## Methods

### Study sites and experimental design

The 30 study sites are part of the Nutrient Network Global Research Cooperative (NutNet [https://nutnet.umn.edu/]; Fig. 2, Supplementary Table 1 and 2). At each site, the effects of nutrient addition and herbivore exclusion treatments are examined via a random-block design28. This block design is replicated three times at the majority of the sites. For four sites, we only had data from one (1 site) and two blocks, respectively. This study is restricted to data collected from the untreated control plots (n = 85). Each 5 m × 5 m plot is divided into four 2.5 m × 2.5 m subplots. Each subplot is further divided into four 1 m × 1 m square sampling plots, one of which is set aside for soil sampling28. Plots are separated by at least 1 m wide walkways. Mean annual temperature of our sites ranged from −4 to 19 °C, mean annual precipitation from 252 to 1592 mm, and elevations from 6 to 4241 m above sea level (Fig. 2, Supplementary Table 1). Soil organic C varied from 0.32% to 22.30%, soil total N from 0.03% to 1.25% and the soil C:N ratio from 9.07 to 23.64 across our 30 sites. Also soil clay content (3.0–53.3%) and soil pH (3.25–7.71) spanned a large gradient across the 30 sites (Supplementary Table 2). Thus, our 30 sites cover a wide range of grasslands globally that are typical for the respective region (Fig. 2, Supplementary Tables 1 and 2).

### Soil net N mineralisation and soil properties

Each site received an identical package shipped from the Swiss Federal Institute for Forest, Snow and Landscape Research (WSL) with material to be used for sampling and on-site incubations (steel cores and rings, resin bags, caps, gloves, etc.). For the field incubation, we followed the protocol by Risch et al.29. Briefly, at randomised locations in each plot we clipped the vegetation and then we drove a 5 × 15 cm (diameter × depth) steel cylinder 13.5 cm deep into the soil so that 1.5 cm on top of the cylinder remained empty. To capture incoming N from run-off and/or deposition, we placed a polyester mesh bag (mesh-size 250 µm) filled with 13.2 ± 0.9 g of acidic and alkaline exchanger resin (1:1 mixture; ion-exchanger I KA/ion-exchanger III AA, Merck AG, Darmstadt) into the upper 1.5 cm space of the cylinder. The bag was fixed in place with a metal Seeger ring (Bruetsch-Rüegger Holding, Urdorf, Switzerland). Thereafter, we removed 1.5 cm soil at the bottom of the cylinder and placed another resin bag into the cylinder to capture N leached from the soil column. We made sure that the exchange resin was saturated with H+ and Cl prior to filling the bags by stirring the mixture for 1 h in HCl 1.2 M and then rinsing it with demineralised water until the electrical conductivity of the water reached 5 µS/cm. The cylinders including the soil core and the resin bags were then re-inserted into the soil, at the same location where the sample was collected, flushed with the soil surface, and incubated for 42 days (range 36–57, see also Fig. 1a). Each site coordinator chose the timing of incubation so that it started 6 weeks prior to peak plant biomass production. All the incubations were completed between February 2015 and January 2016. At the end of the incubation, the cylinders were re-collected and immediately put in a cool box for transport to the home institution, where they were immediately packed in an insulated box together with cool packs or blue ice to halt further mineralisation, and overnight-shipped to WSL. Gloves were worn at all times to avoid contamination of the samples. Immediately upon arrival at the laboratory at WSL, the resin bags and a 20 g subsample of sieved soil (4 mm) from the cylinders were separately extracted in a 100 ml PE-bottle with 80 ml 1 M KCl for 1.5 h on an end-over-end shaker and filtered through ashless folded filter paper (DF 5895 150, ALBET LabScience). We measured NO3 (colorimetrically47) and NH4+ concentrations (flow injection analysis; FIAS 300, Perkin Elmer) on these filtrates.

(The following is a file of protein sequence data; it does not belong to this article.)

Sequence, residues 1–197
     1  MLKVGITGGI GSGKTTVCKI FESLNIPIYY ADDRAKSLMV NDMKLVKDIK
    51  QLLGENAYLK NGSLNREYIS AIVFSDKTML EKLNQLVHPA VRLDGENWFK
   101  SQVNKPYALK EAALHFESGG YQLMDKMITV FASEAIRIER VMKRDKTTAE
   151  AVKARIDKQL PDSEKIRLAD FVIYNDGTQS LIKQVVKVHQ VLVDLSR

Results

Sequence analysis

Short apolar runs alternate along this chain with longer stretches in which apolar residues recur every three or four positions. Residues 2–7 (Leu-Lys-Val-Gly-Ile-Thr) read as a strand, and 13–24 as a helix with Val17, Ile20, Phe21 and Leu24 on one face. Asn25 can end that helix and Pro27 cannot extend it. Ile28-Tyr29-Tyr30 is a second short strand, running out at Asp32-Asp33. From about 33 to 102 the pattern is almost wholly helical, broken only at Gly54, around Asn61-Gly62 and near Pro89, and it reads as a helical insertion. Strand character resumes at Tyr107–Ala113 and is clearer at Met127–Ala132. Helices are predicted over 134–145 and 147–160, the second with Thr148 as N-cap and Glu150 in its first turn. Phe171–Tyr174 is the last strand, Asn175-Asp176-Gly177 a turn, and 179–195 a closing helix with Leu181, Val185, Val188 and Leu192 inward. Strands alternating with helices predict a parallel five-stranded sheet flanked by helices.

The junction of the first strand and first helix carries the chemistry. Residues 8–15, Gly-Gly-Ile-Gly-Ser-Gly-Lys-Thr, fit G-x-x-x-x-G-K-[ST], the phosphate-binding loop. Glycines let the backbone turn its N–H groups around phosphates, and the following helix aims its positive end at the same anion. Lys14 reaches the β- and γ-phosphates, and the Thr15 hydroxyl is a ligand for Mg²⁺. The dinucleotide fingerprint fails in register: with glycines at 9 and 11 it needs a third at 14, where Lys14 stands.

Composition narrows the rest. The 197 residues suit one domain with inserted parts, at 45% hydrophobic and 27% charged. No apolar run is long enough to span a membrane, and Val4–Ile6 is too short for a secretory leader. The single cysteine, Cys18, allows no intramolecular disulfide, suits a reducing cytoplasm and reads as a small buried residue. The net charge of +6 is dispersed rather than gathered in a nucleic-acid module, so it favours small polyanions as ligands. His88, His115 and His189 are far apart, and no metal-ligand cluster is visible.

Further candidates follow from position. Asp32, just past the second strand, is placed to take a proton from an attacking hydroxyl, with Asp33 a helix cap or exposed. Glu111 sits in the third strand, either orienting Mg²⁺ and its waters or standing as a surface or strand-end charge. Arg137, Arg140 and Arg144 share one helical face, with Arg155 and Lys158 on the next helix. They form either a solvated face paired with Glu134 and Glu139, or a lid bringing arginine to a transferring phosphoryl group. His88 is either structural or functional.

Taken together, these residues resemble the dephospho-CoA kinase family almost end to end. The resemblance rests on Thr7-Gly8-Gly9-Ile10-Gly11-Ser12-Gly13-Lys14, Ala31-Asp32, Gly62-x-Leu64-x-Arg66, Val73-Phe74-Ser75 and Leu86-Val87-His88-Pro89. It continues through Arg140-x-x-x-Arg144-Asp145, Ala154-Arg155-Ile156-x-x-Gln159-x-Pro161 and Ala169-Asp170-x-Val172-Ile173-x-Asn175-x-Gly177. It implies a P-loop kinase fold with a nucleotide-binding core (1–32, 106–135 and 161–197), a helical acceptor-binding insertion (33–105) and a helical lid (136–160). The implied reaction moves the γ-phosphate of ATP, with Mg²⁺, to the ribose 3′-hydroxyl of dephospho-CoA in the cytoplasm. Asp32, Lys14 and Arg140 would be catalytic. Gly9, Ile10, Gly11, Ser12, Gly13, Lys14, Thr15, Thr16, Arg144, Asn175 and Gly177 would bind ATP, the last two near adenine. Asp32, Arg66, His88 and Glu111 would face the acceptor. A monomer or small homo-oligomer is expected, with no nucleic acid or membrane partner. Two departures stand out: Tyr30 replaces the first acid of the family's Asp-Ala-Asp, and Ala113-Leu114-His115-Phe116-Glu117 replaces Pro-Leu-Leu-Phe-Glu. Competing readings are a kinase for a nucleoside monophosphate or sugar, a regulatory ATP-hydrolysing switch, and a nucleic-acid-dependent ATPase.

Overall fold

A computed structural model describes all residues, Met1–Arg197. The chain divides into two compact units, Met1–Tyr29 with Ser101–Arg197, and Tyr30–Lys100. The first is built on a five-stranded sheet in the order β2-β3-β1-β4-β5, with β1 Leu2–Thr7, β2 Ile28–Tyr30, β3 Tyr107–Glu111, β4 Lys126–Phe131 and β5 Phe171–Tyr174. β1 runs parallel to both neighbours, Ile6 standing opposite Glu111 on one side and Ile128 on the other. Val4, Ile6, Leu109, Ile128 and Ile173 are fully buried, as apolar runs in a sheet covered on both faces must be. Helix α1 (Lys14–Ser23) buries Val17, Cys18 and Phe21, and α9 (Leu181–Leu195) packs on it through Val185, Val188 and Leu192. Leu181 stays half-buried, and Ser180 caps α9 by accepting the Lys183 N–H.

At the start of the field incubation, we additionally collected two soil cores of 5 cm diameter and 12 cm depth with a steel core at each sampling plot for potential soil net Nmin, soil chemical and biological analyses (see below). We composited the two samples and then re-used the steel cylinder to collect one additional sample (5 × 12 cm) to assess soil physical properties. This third sample remained within the steel core and both ends were tightly closed with plastic caps. The capped steel cores were then gently packed to avoid further disturbance and together with the composited soil samples overnight-shipped to the laboratory at WSL.

From the composited samples, we extracted an equivalent of 20 g dry soil with KCl as described above and NO3 and NH4+ concentrations were measured. Realised soil net Nmin was then calculated as the difference between the inorganic N content of samples collected at the end of the incubation (plus N extracted from the bottom resin bag) and the N content at the beginning of the incubation and scaled to represent daily mineralisation rates (mg N kg−1soil day−1)29. Note that our values represent soil net Nmin for an average period of 42 days prior to peak biomass, i.e., typically during the highest biological activity, and not for the entire year.